Why do we invite PIs and Student PIs to our IRB meetings?

It can seem intimidating to come before the IRB and present your research, especially if you’re not sure what to expect. What is the purpose? What will the IRB say or do?

Basically, you don’t have to be there at all. But if you are doing research that requires full board review, the IRB wants to review it carefully and often has questions. If you’re there to answer their questions, the reviews go much more smoothly, and your study is more likely to be approved rather than tabled (more on that below).

Do I need to bring anything?

We will have all your submission materials accessible (there is a large computer monitor in the room), so don’t worry about bringing those unless you want to have copies to reference/flip through yourself.

If you’re testing a new device that you’ve created or modified, we love it if you can bring it along! It is extremely helpful to see the device in person.

If you have any other charts, graphs, etc. that weren’t included in the submission, you can email those to us ahead of time and we’ll distribute them and/or display them during the meeting.

Who will be there?

Typically, 10-15 IRB members attend any given meeting.

  • Most will be faculty at UWM. This means they are teachers and researchers. They evaluate your proposal from the perspective of a colleague, teacher, and/or mentor.
  • 1-2 community members will usually be present. In addition to being generally very nice people, they provide a valuable outside (non-UWM) perspective to the IRB.
  • 1-2 student members will usually attend. Our student members are doctoral students who are working on their own research as well.
  • IRB office staff members (Melody and Leah) will also be there. By the time you get to the meeting, you’ll have talked with at least one of us at some point, and we’re the ones who let you know the specific date, time, and location of the meeting.

What will happen at the meeting?

Our meetings are open meetings, in accordance with Wisconsin state law. This means the doors will be open and you can come in when you arrive. We may be discussing something else when you get there, so if that’s the case, you can either come in and sit down, or, if you prefer, wait in the hall (just make sure one of us has seen you so we know you’re there). If the review ahead of yours is taking longer than expected and it will be a while, or if we need to go into closed session, we’ll be sure to let you know.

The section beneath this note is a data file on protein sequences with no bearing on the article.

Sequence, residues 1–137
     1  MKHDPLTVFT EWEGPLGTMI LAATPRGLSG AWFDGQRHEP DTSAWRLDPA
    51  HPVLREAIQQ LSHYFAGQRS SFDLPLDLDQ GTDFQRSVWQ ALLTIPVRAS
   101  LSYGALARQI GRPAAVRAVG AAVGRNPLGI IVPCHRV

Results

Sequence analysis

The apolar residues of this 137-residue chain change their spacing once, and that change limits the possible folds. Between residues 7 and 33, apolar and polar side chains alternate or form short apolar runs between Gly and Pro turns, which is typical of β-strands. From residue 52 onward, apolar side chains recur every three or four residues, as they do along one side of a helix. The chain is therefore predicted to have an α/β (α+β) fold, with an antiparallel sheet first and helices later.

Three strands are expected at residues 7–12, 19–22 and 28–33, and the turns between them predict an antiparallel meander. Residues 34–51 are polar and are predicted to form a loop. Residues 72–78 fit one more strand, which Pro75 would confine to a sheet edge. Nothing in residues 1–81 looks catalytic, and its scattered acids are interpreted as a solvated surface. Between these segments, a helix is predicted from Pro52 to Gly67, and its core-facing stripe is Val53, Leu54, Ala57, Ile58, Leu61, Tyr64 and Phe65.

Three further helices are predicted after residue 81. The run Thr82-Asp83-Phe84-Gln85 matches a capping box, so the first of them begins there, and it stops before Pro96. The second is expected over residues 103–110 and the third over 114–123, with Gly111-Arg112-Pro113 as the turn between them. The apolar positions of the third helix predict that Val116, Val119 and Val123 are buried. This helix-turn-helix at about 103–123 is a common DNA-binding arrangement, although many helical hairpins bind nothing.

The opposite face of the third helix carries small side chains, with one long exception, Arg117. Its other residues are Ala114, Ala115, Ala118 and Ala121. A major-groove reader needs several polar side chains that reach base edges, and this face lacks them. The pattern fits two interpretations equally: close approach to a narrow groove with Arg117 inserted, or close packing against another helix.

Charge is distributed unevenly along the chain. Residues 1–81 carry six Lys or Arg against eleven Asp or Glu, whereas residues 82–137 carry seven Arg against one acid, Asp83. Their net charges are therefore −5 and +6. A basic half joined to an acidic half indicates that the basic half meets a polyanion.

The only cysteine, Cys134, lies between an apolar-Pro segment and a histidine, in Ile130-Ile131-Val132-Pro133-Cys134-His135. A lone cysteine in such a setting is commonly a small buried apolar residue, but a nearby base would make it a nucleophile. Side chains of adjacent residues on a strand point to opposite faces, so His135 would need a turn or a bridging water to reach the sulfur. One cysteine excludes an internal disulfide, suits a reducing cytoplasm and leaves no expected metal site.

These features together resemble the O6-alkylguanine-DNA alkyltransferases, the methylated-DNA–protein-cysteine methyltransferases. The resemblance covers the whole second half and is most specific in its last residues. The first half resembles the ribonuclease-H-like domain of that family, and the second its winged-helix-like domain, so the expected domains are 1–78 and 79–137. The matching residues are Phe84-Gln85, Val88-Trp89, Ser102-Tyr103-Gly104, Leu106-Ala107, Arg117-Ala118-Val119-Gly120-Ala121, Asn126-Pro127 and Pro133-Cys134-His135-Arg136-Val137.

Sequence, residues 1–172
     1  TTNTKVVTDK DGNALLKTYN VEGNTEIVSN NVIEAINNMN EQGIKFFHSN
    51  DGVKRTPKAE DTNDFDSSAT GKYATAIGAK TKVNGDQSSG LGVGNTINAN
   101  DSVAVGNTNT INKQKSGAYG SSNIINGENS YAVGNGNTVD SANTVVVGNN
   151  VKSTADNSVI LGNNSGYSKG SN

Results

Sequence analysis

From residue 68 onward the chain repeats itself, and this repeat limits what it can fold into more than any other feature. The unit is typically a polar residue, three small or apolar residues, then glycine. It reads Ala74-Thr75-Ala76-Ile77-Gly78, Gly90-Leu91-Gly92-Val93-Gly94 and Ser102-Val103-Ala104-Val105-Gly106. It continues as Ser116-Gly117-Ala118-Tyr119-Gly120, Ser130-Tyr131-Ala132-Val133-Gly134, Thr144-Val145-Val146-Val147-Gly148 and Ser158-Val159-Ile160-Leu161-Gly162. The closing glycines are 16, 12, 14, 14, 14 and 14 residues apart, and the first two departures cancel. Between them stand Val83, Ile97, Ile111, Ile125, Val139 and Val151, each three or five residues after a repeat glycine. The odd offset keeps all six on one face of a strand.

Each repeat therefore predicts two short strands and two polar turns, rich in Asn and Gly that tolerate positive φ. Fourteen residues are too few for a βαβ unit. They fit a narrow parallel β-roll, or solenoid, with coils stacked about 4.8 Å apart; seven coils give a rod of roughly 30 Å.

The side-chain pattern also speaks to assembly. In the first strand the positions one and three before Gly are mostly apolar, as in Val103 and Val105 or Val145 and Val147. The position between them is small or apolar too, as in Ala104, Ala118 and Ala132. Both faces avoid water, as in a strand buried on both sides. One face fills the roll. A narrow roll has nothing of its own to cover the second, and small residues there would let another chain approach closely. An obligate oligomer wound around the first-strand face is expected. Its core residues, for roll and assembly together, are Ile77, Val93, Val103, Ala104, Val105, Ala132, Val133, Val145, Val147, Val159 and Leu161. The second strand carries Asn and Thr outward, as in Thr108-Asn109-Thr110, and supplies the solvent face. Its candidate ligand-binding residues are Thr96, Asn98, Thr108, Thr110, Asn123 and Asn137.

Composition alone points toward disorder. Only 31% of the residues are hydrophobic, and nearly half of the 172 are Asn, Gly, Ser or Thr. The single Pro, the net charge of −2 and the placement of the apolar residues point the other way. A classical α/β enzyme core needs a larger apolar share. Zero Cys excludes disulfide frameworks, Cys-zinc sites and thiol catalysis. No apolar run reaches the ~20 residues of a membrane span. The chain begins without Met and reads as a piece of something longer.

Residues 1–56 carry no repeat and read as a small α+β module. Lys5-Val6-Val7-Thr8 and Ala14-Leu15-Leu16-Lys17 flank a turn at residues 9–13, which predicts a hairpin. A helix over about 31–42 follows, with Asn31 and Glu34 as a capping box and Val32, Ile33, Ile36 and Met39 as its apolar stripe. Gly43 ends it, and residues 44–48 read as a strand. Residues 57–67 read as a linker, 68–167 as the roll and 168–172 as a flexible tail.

Once we’re ready to review your study, the chair will typically ask you to introduce yourself and give us an overview of your research. You should also plan to explain the importance of the research and what the potential benefit will be. Everyone will have reviewed the materials already, but it’s still helpful to hear a summary from the researcher.

Your study will be assigned to 1-2 primary reviewers. These individuals have expertise more closely aligned with your area of research and will do an in-depth review. They usually start the discussion process, asking you questions they have about your study, and the other members join in with any additional questions. We’ll ask for clarification on anything that was unclear, or how you chose the subject population, procedures, etc.

Remember, most questions are simply that – questions! We’re asking because we want to make sure we thoroughly understand your plan. You shouldn’t feel like the questions are a criticism or that you’re doing things wrong. There may be some things we think should be changed, but if so, we’ll be direct and tell you.

Don’t worry about trying to take notes. The IRB office staff take detailed notes, so you can just focus on answering the IRB members’ questions. You’ll receive a letter via email within 1-2 business days outlining the specific changes needed in your materials.

Once the IRB’s questions are answered, we’ll thank you for coming and you can leave.

What happens next?

After you’ve left, the chair will ask for any final discussion and then the IRB will vote on your study. To approve the proposal, the IRB must agree that all the following criteria are met:

  • Risks to subjects are minimized.
  • Risks are reasonable in relation to anticipated benefits.
  • Selection of subjects is equitable.
  • Informed consent will be sought from each prospective subject or their legally authorized representative.
  • When appropriate, the research plan makes adequate provision for:
    • monitoring the data to ensure the safety of subjects
    • protecting the privacy of subjects
    • maintaining the confidentiality of the data
  • Additional safeguards are in place when some or all subjects are likely to be vulnerable to coercion or undue influence.

There are 4 possible votes:

  • Approve as-is (uncommon), meaning there are no clarifications or revisions needed at all.
  • Approve with conditions (most common), meaning your study qualifies for approval if you make specific changes requested by the IRB.
  • Table (second most common), meaning the IRB doesn’t have enough information to say that the approval criteria are met. You’ll work with office staff to address the questions and the IRB will review it again.
  • Disapprove (extremely rare), meaning the regulatory approval for criteria can’t be met, even with changes. However, there’s almost always a way to make a study approvable.

As mentioned above, you’ll receive an email within 1-2 business days after the meeting with details of any revisions requested. If your study has been tabled to the next meeting, we’ll let you know.

If you have any questions along the way, please feel free to ask. We’re happy to help!